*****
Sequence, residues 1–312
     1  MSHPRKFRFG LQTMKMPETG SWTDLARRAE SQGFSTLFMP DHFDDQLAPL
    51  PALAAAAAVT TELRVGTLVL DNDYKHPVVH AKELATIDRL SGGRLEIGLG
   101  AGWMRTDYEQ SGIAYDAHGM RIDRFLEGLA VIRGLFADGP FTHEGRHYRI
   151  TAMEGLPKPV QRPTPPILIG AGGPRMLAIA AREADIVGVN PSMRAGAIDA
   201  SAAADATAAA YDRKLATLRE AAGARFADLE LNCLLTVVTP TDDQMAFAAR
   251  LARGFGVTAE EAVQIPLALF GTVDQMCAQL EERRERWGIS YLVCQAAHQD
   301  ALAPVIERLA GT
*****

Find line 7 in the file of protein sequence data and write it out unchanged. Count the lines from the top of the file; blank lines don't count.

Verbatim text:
   251  LARGFGVTAE EAVQIPLALF GTVDQMCAQL EERRERWGIS YLVCQAAHQD